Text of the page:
Burial, cremation and Funeral wishes

It is very common for people to include a clause telling their executor whether they want to be buried or cremated and also letting them know what kind of funeral service (if any) they want. If you are interested in this we can help you put this together.

Claims against the estate

You should consider whether anyone may have a claim against your estate or challenge your Will if they are left out of your will or given a smaller gift than others. You can find out more information about claims against estates here but for a conversation about your circumstances call us for an initial discussion.

What should you bring to the first meeting about my Will?

There is some standard information that we ask of all of our clients before we get started drafting their will. This ensures that we have a full picture of their needs and how their estate might flow to their beneficiaries and allows us to identify any potential problems that we can solve at the time we draft their Will.

The following information should be provided either prior to or at your first consultation:

  • A list of your current assets and liabilities,
  • Names and contact details for your executors,
  • Names, relationship and contact details for your beneficiaries,
  • A summary of how you wish your assets to be divided between your beneficiaries;
  • Details of your superannuation;
  • Any trust deeds for family trusts or Self-Managed Superannuation Funds (SMSF);
  • Any company constitutions.

If you are interested in having a Will drafted then why not check out our online intake system here or Contact Our Lawyers for an initial consultation about your circumstances.

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Do couples need to do this together?

It’s recommended that couples at least talk about what they intend to do under their will even if they don’t draft them together. As noted above, whether you can gift property that is jointly owned will depend on the ownership structure (see joint tenants or tenants in common) and if you have a partner, it is likely your choices in your Will are going to impact them in one way or another.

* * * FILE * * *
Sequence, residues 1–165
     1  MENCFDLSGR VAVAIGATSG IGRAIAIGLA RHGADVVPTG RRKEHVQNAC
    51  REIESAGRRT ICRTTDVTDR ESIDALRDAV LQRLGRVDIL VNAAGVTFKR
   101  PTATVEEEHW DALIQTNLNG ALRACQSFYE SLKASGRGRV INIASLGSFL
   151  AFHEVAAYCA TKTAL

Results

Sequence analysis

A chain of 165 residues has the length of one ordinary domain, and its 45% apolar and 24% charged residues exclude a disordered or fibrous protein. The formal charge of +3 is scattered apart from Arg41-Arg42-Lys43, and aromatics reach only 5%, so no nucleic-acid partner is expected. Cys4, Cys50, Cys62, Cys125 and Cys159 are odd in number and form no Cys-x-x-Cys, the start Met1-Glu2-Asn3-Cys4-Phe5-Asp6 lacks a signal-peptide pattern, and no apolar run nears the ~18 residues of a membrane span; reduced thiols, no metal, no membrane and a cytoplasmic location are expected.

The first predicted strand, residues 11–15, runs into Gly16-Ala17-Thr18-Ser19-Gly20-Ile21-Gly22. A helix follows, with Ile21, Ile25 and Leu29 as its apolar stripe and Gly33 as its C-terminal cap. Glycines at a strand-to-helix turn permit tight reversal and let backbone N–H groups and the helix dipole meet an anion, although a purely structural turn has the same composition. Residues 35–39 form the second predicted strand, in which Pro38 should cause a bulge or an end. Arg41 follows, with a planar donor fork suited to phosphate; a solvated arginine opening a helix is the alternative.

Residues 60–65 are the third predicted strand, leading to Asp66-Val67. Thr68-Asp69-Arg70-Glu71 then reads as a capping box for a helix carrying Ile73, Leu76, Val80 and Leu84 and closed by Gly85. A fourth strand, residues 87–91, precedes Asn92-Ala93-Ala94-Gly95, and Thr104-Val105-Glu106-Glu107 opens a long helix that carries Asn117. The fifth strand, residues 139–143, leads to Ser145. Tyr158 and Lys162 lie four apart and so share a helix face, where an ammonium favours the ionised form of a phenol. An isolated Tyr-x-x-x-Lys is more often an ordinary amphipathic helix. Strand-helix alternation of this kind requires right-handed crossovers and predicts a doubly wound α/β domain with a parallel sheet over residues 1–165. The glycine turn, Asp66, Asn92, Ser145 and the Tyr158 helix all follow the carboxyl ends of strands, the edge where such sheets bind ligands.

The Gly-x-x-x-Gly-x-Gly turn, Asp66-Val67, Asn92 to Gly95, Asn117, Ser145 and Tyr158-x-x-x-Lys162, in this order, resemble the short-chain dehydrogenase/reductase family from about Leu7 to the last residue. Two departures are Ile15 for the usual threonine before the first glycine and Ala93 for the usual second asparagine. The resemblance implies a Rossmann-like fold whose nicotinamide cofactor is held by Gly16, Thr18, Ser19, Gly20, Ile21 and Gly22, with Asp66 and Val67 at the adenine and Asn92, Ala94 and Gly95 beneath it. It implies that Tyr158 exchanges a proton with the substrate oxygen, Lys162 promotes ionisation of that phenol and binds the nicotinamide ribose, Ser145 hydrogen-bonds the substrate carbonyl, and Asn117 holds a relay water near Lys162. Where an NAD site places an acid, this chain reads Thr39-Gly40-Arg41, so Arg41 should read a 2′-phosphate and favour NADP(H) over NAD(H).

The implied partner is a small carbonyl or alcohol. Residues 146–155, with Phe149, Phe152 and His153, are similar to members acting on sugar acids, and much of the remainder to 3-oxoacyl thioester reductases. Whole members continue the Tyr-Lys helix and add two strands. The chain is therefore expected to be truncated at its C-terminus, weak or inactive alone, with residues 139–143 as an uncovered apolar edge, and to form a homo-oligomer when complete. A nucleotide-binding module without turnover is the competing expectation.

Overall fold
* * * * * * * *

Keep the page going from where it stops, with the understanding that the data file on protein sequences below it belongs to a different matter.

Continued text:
Power of Attorney and Enduring Guardianships

A Will only comes into effect at the time that you die but estate planning is not just about what happens in that situation. Estate Planning refers to other documents that would assist your loved ones to care for you if you lost the ability to make financial or health decisions. It’s about planning for the unexpected. You might want to consider who would run the business if you became sick or had an accident and couldn’t manage it. A Power of Attorney nominating a representative to handle your affairs if you lose capacity to do so is a relatively cheap way to ensure that someone can legally run your affairs if the unexpected happens.

Additional documents you may want to consider when drafting a Will are Powers of Attorney and/or an Appointment of Enduring Guardian. For more on these documents see our article here.

Should you have any questions about anything in this article please Contact Us for an initial consultation about your situation with one of our lawyers.